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National banks are financial institutions with substantial branch and ATM networks throughout the US. Below, you’ll find our picks for each region of the US. We’ve also listed our choice for the best nationwide bank (for travelers and people who frequently move), and our selection for the best online bank.
The Best National Banks
These institutions have stayed as our top picks for the last few months because they continue to stand out for their variety of services and unique perks.
Our Expert Panel for the Best National Banks
We consulted banking and financial planning experts to inform these picks and provide their advice on finding the best national bank for your needs.
We’re focusing on what will make a national bank most useful, including customer service, fees, rates, and more. Here’s what they had to say about finding a bank. (Some text may be lightly edited for clarity.)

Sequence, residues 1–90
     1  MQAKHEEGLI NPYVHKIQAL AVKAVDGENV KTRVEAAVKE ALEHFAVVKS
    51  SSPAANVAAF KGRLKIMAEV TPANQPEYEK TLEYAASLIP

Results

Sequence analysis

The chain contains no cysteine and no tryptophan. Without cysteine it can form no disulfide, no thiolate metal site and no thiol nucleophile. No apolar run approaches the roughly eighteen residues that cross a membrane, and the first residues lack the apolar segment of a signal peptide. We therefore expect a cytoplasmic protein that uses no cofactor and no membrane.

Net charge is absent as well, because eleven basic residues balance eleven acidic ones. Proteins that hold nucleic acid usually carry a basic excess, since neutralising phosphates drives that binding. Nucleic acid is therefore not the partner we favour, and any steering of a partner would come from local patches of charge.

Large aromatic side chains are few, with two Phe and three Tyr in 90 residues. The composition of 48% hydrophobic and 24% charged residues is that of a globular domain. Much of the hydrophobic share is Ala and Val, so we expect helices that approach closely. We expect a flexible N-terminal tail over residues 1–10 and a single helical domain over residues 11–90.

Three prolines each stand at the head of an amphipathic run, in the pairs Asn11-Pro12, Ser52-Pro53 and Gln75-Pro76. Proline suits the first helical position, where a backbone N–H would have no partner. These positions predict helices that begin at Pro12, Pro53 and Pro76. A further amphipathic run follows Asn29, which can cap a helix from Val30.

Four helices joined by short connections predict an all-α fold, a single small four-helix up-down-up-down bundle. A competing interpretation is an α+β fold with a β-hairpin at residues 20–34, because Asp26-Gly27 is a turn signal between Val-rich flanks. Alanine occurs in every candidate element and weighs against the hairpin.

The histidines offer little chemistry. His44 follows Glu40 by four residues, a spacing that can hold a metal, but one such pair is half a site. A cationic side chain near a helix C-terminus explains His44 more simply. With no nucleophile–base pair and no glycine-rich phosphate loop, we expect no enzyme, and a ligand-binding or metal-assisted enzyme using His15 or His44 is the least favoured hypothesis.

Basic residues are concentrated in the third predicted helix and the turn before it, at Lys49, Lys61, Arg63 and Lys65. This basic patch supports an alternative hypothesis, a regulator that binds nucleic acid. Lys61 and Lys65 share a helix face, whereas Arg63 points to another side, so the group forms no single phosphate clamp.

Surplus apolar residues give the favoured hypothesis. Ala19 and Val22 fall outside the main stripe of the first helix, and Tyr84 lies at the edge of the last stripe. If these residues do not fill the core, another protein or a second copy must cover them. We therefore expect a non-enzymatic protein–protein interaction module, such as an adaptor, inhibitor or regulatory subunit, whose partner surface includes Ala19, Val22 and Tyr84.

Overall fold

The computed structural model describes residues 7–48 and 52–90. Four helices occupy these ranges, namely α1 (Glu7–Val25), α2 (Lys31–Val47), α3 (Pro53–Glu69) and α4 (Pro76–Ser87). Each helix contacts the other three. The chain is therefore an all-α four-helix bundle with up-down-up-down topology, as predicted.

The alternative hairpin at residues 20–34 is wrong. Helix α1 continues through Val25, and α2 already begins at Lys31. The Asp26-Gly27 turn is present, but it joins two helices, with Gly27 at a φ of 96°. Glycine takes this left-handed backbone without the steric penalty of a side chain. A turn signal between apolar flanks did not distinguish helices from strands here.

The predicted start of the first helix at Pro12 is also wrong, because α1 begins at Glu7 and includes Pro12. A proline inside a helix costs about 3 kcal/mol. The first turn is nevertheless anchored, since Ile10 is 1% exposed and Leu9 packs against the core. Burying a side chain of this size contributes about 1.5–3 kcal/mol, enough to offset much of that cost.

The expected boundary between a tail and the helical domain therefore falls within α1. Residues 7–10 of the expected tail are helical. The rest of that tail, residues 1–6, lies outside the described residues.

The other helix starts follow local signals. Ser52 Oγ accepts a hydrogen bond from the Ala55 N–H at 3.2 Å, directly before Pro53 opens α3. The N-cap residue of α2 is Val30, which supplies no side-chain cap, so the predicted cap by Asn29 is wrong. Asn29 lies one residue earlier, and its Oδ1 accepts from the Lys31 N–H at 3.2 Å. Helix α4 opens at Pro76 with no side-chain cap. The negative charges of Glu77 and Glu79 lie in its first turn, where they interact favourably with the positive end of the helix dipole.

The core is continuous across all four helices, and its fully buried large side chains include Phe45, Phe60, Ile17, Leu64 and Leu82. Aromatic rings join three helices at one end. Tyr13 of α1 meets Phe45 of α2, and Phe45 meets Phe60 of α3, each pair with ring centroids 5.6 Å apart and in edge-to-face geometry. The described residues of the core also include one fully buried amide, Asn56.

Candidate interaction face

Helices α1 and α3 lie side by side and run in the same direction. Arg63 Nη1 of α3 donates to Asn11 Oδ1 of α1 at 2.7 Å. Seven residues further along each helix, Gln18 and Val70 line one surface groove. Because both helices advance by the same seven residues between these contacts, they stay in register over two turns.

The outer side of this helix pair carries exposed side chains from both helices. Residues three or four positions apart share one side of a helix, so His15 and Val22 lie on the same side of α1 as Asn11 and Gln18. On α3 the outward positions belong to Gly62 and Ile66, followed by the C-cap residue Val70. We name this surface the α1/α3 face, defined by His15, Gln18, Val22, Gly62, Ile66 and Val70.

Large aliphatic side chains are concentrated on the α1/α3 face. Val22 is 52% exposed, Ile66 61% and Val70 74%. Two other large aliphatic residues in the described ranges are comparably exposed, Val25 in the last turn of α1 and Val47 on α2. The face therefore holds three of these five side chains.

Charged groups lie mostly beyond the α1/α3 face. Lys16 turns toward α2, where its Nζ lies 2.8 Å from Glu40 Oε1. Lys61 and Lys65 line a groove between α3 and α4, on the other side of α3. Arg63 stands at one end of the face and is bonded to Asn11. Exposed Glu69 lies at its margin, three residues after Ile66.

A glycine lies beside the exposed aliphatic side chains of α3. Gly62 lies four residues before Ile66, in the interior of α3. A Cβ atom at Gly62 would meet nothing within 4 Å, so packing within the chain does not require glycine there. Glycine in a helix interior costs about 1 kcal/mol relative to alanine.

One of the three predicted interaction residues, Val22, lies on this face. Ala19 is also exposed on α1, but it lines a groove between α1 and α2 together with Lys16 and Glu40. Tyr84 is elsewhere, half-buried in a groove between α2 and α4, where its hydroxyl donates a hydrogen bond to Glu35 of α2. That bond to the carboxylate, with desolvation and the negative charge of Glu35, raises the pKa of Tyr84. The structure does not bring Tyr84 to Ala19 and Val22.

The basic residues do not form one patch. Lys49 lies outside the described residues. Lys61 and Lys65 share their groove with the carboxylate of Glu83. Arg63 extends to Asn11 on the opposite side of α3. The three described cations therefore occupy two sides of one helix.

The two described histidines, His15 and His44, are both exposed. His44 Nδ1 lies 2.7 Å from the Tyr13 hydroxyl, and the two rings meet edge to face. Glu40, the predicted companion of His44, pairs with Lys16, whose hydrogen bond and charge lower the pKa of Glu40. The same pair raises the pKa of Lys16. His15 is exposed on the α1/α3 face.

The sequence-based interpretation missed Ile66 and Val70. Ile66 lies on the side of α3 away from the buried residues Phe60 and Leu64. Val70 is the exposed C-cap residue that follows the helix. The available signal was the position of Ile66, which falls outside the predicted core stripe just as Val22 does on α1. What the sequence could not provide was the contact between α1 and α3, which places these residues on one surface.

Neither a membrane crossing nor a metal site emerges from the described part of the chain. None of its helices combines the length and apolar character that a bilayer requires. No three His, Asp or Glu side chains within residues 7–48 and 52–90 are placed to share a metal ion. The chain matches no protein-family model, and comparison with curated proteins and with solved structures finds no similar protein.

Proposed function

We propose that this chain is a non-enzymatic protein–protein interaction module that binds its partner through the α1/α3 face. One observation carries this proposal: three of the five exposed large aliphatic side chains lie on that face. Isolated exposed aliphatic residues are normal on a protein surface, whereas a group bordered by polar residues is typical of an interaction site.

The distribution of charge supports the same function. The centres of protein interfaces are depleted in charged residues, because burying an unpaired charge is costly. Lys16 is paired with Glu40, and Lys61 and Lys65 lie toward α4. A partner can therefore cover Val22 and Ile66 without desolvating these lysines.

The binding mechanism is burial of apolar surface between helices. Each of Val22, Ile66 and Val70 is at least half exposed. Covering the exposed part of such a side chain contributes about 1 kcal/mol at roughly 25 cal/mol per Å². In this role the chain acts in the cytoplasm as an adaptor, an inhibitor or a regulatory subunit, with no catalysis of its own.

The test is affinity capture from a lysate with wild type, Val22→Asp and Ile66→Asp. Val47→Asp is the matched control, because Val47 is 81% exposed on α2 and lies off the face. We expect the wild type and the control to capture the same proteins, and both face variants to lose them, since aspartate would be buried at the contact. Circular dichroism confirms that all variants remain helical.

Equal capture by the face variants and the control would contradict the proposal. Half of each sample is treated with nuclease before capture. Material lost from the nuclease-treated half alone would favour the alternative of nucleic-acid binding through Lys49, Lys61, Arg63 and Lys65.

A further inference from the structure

How can someone determine whether a bank is the right fit for them?
Mykail James, MBA, certified financial education instructor, BoujieBudgets.com:
“The No. 1 thing about a checking account is you should know what provider the debit card is coming from. And a lot of people don’t think about that, because there are places that don’t accept MasterCard or don’t accept an Amex.”
Sophia Acevedo, certified educator in personal finance, banking reporter, Personal Finance Insider:
“I would create a list of what I prioritize most in a bank account. For example, some banks have accounts that charge monthly service fees. I would look to see what the requirements are for waiving the monthly service fee and whether I think I could feasibly meet those requirements each month. If I’m searching for an interest-earning bank account I’ll pay attention to interest rates. I would make sure the account pays a higher interest rate than the average bank account.”
What should someone look for in a brick-and-mortar bank?
Tania Brown, certified financial planner at SaverLife: